\$\begingroup\$ Yeah. I think it is valid under CGCC rule because the word itself is reusable (even if you can't easily assign it to a different name). \$\endgroup\$ – Bubbler Apr 12 at 12:30
2
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05AB1E, 6 bytes

«©ʒ®s¢

How does it work?

« merge lists
 © store in the global register
  ʒ keep only items which
   ®s¢ the number of times which they appear in the merged list is truthy, which is only 1 in 05AB1E

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| improve this answer | |
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2
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Charcoal, 8 bytes

I⁺⁻θη⁻ηθ

Try it online! Link is to verbose version of code. Explanation:

   θ        First input
    η       Second input
  ⁻         Remove matching elements
      η     Second input
       θ    First input
     ⁻      Remove matching elements
 ⁺          Concatenate
I           Cast to string
            Implicitly print
| improve this answer | |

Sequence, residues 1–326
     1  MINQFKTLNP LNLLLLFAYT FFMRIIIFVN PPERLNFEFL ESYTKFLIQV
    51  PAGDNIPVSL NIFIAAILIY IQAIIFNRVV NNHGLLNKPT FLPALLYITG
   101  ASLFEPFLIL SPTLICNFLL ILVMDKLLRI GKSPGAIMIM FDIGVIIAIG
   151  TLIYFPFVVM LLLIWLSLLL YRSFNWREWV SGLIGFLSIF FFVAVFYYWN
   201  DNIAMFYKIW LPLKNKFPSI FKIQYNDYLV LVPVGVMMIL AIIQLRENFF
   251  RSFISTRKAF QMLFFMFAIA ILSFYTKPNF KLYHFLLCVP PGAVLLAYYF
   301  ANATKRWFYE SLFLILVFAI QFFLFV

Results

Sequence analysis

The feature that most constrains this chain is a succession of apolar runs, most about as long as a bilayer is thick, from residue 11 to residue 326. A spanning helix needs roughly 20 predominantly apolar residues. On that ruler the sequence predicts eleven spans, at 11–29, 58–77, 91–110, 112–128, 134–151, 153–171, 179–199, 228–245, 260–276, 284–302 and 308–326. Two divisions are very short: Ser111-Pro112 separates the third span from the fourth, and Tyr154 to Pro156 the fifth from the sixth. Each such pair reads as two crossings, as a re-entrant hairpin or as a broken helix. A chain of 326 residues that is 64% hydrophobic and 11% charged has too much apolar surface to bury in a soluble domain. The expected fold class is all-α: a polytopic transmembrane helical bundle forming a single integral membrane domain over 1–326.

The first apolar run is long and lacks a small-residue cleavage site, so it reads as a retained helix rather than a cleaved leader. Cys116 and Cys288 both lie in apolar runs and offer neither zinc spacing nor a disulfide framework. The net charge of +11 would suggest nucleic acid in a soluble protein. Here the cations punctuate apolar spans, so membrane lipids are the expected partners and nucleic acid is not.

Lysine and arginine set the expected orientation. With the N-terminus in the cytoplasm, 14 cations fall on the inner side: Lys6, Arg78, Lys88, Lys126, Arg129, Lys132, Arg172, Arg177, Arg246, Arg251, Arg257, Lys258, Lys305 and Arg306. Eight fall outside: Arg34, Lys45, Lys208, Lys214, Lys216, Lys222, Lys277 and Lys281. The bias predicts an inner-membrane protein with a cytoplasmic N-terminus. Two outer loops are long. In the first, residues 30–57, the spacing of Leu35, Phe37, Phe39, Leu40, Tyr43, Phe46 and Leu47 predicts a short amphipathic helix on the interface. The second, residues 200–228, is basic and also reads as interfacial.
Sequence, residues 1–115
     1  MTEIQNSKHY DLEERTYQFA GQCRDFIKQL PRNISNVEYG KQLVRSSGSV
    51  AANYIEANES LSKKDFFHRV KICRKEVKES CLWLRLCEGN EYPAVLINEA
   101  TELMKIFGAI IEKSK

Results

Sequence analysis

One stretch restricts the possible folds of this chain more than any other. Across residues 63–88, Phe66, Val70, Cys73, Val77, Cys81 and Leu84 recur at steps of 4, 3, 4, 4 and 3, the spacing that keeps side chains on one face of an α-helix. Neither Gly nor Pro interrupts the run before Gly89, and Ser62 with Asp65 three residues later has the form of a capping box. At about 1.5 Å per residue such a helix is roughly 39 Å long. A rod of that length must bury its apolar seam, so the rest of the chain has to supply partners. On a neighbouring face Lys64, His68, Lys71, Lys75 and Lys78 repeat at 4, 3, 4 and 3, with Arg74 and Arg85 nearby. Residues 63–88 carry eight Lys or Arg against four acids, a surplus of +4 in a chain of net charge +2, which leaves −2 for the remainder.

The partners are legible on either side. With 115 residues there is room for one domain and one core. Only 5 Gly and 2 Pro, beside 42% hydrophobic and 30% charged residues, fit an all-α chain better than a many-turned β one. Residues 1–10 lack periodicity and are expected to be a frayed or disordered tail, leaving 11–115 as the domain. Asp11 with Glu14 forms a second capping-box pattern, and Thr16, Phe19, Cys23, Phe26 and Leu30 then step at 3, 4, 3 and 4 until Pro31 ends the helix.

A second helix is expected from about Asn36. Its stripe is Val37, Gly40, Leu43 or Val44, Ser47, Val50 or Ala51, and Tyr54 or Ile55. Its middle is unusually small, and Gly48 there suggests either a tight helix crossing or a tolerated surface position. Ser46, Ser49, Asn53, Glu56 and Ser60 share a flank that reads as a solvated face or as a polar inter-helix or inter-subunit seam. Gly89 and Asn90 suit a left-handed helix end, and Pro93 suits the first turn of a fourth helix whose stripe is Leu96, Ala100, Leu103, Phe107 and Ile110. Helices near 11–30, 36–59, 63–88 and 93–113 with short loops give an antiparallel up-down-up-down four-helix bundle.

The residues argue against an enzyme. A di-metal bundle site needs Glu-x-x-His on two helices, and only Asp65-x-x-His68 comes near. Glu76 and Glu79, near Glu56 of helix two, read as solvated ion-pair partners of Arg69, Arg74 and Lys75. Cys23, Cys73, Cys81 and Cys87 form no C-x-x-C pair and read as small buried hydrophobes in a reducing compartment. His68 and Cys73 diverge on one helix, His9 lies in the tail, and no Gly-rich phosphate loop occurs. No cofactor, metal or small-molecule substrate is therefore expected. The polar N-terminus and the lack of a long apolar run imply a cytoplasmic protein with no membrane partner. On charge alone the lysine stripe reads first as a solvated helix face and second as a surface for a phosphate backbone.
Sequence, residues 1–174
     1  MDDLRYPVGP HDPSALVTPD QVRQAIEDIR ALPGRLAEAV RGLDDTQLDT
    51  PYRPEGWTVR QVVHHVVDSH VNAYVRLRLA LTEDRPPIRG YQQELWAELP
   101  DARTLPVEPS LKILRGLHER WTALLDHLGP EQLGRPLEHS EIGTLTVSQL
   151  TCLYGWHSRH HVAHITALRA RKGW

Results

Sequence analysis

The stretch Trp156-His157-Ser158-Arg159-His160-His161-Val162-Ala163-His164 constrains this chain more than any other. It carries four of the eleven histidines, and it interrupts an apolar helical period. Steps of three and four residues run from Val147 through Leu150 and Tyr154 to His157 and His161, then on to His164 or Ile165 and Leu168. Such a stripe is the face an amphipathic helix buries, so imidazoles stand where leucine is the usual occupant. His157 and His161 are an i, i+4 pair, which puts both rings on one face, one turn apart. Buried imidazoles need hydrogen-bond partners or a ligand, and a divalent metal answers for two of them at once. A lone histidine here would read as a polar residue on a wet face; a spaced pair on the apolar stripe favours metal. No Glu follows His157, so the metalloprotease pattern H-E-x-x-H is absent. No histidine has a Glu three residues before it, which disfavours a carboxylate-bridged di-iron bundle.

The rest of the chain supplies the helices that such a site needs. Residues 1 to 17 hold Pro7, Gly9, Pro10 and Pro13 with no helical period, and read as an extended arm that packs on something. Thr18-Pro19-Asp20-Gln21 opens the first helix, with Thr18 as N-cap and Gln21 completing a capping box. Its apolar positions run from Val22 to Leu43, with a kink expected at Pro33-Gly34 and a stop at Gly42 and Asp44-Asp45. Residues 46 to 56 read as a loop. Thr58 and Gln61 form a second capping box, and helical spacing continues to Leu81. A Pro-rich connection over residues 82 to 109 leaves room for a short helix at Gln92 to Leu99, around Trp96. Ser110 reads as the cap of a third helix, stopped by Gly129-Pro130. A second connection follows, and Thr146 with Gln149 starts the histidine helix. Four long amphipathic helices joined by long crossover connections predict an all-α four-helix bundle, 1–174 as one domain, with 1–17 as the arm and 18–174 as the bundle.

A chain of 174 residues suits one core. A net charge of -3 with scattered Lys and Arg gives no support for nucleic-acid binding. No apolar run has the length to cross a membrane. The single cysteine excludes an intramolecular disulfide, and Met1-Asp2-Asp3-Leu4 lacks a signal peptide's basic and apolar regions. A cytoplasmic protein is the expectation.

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2
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JavaScript (ES6), 46 bytes

Takes input as (a)(b), where \$a\$ and \$b\$ are Sets. Returns a list.

JS has very few set built-ins, so this a bit verbose.

a=>b=>[...a,...b].filter(x=>a.has(x)^b.has(x))

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| improve this answer | |
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2
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MATL, 2 bytes

X~

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Explanation

Built-in. Implicit inputs, implicit output.

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2
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Ruby, 16 14 bytes

->a,b{a-b|b-a}

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2
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Julia, 7 bytes

symdiff

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| improve this answer | |
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2
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05AB1E, 4 bytes

«Ð¢Ï

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Explanation:

      #  i.e. inputs: [1,2,3] and [2,3,4]
«     # Merge the two (implicit) input-lists together
      #  STACK: [[2,3,4,1,2,3]]
 Ð    # Triplicate this merged list
      #  STACK: [[2,3,4,1,2,3],[2,3,4,1,2,3],[2,3,4,1,2,3]]
  ¢   # Count all occurrences of the values in the list